|Benjamin Britten, 1938|
Britten: Variations on a Theme of Frank Bridge, Op. 10
Boyd Neel String Orchestra conducted by Boyd Neel
Recorded July 15, 1938
Decca X 226 through X 228, three 78-rpm records
Link (FLAC file, 65.91 MB)
Link (MP3 file, 38.41 MB)
This is Britten's first work to be generally recognized as a masterpiece, written to Boyd Neel's commission for a 1937 appearance at the International Society of Contemporary Music Festival in Salzburg. The ISCM requested that Neel bring a new work by an English composer, and Neel despaired of finding one on short notice until he thought of Britten's high-quality (and speedily written) film work, some of which he had conducted in the studios. Neel's hunch that the young man might quickly furnish a worthwhile score was amply repaid. Britten's initial draft of the Bridge Variations was sketched in ten days, and four weeks later the piece had been fully scored - "one of the most astonishing feats of composition in my experience," said Neel.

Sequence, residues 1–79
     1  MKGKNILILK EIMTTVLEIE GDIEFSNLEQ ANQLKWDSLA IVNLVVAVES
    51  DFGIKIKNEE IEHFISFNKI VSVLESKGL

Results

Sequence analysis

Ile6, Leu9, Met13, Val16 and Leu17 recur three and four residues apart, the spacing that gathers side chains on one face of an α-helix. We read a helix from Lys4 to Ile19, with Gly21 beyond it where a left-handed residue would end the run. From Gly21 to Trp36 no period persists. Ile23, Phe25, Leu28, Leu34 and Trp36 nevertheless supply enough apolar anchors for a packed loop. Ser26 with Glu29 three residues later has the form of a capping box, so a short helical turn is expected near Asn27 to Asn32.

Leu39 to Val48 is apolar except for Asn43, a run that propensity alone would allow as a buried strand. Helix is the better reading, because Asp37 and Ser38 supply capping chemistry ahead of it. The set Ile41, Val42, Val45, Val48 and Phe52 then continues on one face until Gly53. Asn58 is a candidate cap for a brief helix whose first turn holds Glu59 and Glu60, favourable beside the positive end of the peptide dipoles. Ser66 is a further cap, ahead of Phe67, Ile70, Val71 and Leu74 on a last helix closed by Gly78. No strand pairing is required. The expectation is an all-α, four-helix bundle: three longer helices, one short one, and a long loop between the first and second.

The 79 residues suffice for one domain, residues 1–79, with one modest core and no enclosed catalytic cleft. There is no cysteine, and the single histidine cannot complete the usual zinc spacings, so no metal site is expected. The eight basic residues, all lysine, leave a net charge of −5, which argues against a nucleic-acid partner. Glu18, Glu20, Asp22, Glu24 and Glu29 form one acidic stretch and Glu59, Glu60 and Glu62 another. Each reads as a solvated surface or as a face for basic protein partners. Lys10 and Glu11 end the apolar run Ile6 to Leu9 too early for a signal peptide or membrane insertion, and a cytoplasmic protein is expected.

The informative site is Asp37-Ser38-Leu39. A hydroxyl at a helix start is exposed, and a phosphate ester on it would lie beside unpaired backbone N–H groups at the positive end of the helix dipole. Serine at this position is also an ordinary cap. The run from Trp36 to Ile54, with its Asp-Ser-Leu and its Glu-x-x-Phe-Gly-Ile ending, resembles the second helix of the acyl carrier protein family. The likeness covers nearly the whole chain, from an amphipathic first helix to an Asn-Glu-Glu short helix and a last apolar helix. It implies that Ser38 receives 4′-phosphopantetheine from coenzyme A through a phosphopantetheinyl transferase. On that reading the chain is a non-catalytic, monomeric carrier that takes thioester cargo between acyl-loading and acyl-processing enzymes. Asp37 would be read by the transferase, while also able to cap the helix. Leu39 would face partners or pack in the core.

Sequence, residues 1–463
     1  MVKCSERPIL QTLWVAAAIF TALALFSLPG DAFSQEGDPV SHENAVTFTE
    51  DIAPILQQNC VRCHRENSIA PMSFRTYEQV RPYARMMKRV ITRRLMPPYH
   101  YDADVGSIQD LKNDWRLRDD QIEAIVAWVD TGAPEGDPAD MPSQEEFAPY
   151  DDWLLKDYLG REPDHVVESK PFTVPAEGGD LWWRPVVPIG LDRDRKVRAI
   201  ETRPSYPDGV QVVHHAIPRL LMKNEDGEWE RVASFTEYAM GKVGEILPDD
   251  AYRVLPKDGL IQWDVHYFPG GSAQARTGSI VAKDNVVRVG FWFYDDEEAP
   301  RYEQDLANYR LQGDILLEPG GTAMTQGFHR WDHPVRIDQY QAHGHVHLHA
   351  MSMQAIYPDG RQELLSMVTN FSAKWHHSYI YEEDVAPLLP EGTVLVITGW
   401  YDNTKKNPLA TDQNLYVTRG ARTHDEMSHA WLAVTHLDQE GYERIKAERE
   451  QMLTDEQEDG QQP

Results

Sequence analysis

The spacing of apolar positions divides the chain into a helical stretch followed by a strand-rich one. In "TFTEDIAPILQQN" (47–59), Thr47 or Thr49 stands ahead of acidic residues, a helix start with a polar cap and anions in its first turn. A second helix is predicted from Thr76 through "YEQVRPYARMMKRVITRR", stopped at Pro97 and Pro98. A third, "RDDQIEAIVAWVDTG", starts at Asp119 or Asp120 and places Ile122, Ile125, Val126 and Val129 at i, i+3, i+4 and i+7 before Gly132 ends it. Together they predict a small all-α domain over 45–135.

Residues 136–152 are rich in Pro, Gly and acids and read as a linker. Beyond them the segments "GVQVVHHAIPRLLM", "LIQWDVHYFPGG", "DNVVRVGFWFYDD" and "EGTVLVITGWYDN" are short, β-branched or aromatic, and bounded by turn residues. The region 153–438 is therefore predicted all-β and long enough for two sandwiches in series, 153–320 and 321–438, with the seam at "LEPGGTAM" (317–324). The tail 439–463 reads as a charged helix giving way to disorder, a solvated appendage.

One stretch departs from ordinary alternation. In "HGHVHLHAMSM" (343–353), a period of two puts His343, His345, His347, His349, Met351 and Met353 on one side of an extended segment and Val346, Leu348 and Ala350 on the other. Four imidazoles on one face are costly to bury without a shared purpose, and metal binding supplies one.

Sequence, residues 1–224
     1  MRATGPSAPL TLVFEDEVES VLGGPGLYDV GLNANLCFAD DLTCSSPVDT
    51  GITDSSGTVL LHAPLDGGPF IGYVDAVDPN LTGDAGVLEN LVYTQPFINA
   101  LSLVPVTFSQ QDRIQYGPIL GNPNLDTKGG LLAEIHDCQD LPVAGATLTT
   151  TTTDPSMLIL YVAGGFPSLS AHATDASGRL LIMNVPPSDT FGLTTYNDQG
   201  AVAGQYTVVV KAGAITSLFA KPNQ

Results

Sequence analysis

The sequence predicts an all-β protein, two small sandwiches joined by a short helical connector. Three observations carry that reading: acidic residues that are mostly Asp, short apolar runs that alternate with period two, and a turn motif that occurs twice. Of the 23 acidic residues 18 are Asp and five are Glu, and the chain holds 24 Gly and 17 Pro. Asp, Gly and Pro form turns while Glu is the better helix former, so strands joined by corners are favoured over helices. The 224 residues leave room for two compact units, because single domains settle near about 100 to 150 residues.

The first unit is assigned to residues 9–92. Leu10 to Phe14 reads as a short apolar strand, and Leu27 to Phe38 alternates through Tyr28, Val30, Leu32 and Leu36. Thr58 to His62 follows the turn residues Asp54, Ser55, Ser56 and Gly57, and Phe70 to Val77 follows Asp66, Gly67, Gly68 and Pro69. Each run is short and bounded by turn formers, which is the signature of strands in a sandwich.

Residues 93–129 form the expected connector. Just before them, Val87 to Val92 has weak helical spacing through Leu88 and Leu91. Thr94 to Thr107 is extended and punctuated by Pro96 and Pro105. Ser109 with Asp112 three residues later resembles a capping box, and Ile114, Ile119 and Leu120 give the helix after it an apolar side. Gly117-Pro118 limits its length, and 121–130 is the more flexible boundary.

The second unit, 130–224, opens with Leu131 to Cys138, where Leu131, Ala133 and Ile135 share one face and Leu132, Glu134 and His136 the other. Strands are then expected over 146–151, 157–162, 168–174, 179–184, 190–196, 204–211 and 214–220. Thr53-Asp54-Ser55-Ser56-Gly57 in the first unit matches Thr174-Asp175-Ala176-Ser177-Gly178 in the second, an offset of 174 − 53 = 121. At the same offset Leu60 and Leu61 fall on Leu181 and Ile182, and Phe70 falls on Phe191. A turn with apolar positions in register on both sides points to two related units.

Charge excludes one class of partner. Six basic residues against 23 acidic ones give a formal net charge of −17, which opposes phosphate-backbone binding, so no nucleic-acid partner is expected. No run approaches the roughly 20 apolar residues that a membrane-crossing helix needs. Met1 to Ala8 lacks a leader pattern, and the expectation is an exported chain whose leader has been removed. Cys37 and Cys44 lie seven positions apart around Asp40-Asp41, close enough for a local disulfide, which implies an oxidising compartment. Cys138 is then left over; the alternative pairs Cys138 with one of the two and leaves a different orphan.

This set was reviewed in the November, 1938, Gramophone Shop Supplement (in which it was offered for sale at $7,25, including album). "The discs are the first example of [Britten's] work to reach this country," said the anonymous reviewer. "The principal shortcoming of the present work is the inclusion of genre pieces like the Aria Italiana and Wiener Walz, very cleverly turned out but definitely lessening the effect of the remarkable Funeral March, Chant and Fugue. There is some remarkably powerful and eloquent writing in these last sections, writing that on first hearing mark Britten as a man to be watched. The whole work is an unusually attractive and interesting example of contemporary music on discs, and its best pages are an indication that not only Britain but the world has a highly significant new force to reckon with." Quite a prescient review, although I can't agree with the assertion that the lighter sections constitute shortcomings!